The gist of my discussions involved the importance of having a healthy population of sea life, hence a healthier planet and subsequently a healthy tourism economy. My approximation is that activities out at sea could contribute some 20-30% of our tourism revenue yields and as such that cannot be scoffed at.

    A local shark diving practitioner for example have indicated to me that some 80% of their clients (and they have many) are from overseas and this is a very important high per capita spend client for the South Coast.
    So the combination of Marine Protected Areas, well applied Coastal Management Plans and excellent land based coastal amenities and services should collectively establish firstly visitor appeal and secondly a suitable balance between users and environmental considerations.

    We all know that presently there is optimism that the sardines will run again this year and with them come thousands of all sorts of sea predators which provides us with one of the world’s most amazing natural spectacles.

    There is no doubt that our marine equivalent of the Serengeti migrations is a tourism draw card and for this reason we have built a number of events around the Sardine Season all in the interests of affording our mid-year visitors much value adding during their stay.

    Besides a few nippy days sent to us from the South this time of year remains mild to warm so I would recommend that all our locals who have family and friends living in our inland provinces encourage them to some here for their “winter” break and savour the season ahead.

    Full story

  • Indaba Insights

    Last weekend was Indaba 2016 Africa’s primary tourism trade show at the ICC in Durban and at which we promoted our destination.

    The economy, new advances in internet based communications, the presentation of the World Travel Market Africa in Cape Town a few weeks ago and possibly the very foul weather seem to have resulted in a less congested event this year albeit there were a number of enquiries relating to adventure, ocean and golf related experiences we have on offer.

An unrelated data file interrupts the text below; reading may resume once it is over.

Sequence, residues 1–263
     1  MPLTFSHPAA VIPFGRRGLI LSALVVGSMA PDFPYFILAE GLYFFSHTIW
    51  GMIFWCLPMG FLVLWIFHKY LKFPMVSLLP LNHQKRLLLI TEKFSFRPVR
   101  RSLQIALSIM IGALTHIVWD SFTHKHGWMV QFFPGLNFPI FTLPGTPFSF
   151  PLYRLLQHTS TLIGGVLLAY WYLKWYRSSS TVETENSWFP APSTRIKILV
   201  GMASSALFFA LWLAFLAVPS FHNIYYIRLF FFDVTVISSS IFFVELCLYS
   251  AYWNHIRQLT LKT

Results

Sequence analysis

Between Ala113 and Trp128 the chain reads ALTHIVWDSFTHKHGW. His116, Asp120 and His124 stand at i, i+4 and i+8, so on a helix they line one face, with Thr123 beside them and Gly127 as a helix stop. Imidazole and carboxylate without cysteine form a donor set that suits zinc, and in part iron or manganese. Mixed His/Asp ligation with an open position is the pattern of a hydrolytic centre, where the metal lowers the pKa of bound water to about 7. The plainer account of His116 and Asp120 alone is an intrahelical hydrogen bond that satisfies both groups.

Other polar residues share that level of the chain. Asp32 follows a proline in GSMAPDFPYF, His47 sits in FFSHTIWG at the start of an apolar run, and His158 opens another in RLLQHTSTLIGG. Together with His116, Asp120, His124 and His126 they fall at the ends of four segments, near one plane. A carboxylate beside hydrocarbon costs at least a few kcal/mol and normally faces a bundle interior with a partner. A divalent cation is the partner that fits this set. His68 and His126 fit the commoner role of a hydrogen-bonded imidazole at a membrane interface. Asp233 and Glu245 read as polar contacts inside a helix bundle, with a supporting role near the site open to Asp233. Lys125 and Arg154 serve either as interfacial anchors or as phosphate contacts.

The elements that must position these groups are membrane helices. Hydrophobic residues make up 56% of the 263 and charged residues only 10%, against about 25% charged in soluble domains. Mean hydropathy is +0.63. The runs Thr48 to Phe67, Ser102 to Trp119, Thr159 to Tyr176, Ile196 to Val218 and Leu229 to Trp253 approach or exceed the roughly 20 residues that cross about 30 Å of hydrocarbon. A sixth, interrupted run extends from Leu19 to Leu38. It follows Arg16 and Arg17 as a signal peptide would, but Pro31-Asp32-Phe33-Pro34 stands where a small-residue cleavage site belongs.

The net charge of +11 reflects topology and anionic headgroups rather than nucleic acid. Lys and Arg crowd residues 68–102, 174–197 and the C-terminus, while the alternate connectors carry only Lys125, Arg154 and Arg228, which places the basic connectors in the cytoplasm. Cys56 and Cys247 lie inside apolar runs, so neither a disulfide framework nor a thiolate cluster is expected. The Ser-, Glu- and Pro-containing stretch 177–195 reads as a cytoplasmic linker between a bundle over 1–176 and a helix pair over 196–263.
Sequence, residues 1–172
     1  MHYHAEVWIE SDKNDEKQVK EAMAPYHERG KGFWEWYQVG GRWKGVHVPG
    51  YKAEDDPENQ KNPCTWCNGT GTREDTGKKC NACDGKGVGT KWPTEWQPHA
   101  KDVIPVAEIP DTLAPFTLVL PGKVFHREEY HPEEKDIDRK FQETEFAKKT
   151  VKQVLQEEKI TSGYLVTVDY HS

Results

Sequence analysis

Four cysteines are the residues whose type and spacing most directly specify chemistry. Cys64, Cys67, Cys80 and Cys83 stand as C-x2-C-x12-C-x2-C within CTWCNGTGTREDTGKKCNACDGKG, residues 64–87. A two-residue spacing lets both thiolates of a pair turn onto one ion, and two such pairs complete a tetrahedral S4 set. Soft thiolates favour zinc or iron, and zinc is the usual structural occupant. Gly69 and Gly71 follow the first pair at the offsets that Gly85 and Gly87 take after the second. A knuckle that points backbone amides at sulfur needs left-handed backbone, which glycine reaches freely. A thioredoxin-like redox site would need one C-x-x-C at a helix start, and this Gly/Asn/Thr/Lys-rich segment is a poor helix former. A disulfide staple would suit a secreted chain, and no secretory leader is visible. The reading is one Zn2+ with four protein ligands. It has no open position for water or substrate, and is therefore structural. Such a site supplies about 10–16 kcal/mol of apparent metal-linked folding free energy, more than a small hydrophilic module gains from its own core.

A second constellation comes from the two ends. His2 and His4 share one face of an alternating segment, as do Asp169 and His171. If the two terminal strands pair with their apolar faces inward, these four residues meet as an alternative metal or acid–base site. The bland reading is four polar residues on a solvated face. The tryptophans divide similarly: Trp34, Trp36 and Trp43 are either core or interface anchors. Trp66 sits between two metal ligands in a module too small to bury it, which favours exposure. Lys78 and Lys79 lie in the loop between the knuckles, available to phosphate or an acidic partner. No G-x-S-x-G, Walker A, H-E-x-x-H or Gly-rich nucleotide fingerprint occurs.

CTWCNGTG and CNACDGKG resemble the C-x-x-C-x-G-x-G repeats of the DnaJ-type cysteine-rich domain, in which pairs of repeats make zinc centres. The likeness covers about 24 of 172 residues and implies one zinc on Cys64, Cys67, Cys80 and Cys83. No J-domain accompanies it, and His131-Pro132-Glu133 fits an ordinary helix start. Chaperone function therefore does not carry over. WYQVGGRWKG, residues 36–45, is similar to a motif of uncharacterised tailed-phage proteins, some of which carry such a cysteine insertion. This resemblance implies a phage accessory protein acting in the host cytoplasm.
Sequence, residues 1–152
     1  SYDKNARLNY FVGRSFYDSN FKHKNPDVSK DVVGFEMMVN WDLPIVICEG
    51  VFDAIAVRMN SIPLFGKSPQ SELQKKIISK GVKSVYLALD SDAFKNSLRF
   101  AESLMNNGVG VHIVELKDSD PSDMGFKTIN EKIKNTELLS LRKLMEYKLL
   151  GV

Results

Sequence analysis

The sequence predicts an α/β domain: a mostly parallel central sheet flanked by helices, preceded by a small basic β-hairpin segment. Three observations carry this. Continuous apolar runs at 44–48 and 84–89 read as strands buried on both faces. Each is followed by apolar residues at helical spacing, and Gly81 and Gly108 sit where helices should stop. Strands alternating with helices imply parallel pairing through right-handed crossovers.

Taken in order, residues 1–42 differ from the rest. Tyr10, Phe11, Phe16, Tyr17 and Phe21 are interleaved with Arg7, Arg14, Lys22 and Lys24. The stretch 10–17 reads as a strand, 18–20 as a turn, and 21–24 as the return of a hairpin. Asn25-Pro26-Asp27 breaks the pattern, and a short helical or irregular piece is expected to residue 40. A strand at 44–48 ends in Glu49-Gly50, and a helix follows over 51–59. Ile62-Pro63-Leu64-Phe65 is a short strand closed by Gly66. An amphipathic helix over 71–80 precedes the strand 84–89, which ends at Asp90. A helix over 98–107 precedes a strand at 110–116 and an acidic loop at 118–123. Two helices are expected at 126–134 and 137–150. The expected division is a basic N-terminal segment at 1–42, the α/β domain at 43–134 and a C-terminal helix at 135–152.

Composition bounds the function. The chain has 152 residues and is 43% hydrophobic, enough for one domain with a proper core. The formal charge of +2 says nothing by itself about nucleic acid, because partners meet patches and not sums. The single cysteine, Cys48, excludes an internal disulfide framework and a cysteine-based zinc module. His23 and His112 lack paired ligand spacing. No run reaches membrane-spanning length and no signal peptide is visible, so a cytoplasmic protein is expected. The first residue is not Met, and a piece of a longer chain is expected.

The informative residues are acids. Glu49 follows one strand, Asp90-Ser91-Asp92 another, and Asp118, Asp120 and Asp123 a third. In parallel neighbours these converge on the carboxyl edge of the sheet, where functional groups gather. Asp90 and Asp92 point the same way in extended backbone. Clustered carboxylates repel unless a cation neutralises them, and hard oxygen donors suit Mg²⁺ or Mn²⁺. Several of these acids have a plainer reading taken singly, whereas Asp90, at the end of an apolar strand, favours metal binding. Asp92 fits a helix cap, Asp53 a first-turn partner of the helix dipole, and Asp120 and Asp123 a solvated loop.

Interestingly there were a number of bloggers scurrying around looking for new story angles and possible visits here to highlight our broad and interesting set of tourism and leisure assets. The writing of good bloggers is proving to be a major publicity tool due to a potential following that can run into the many thousands.

    Whilst we will retain our destination marketing presence at the major trade shows it is my belief that the bulk of our efforts should remain focused on the tourism consumer and for this reason we will be doing a number of shopping mall and consumer activations during the next financial year.

    I also attended the launch of a new TV initiative geared towards profiling major African centres using traditional cuisine as the primary interest anchor. This project will be aired on no less than 25 channels so I hope my discussions with the producer may end up with some shoots taking place down here.

    Our team also had discussions with the Eastern Cape Parks and Tourism as a means of strengthening tourist flow links between their visitors and ours, there is no doubt that the northern parts of that province seem more aligned to our area and with the new road coming through from Umtata, we need to gear up for new influxes in self-drive and possibly coach travellers.

    Being a golfer and fully aware of our golf sell potential, I have initiated with a representative from the North Coast the establishment of  a golf marketing initiative whereby we jointly sell our coast as Africa’s best golf tourism option and through this we anticipate promoting our courses at the world’s largest golf tourism expo in Spain later this year.

    The programme will need to collective input from all our golf clubs and courses and to this end we will host a golf workshop to map a way forward.

    Was Indaba 2016 a success? In terms of keeping our brand and product presence yes but more importantly it acts as a vital platform for us to engage with the media, decision makers, other tourism bodies, new technology providers and inbound operators keen to familiarise themselves with our destination.

    Full story

  • Tourism’s Economic Indicators

    The initial draft of a study by Tourism KwaZulu-Natal (TKZN) has provided us with some interesting economic indicators for our tourism sector here.

    According to TKZN the South Coast hosted in the region of 1.172 million domestic visitor trips and about 61.4 thousand international tourists. Of economic importance is that the overall impact is suggested as about R4.4 billion and is about 16.2% of the total tourism economy of our province.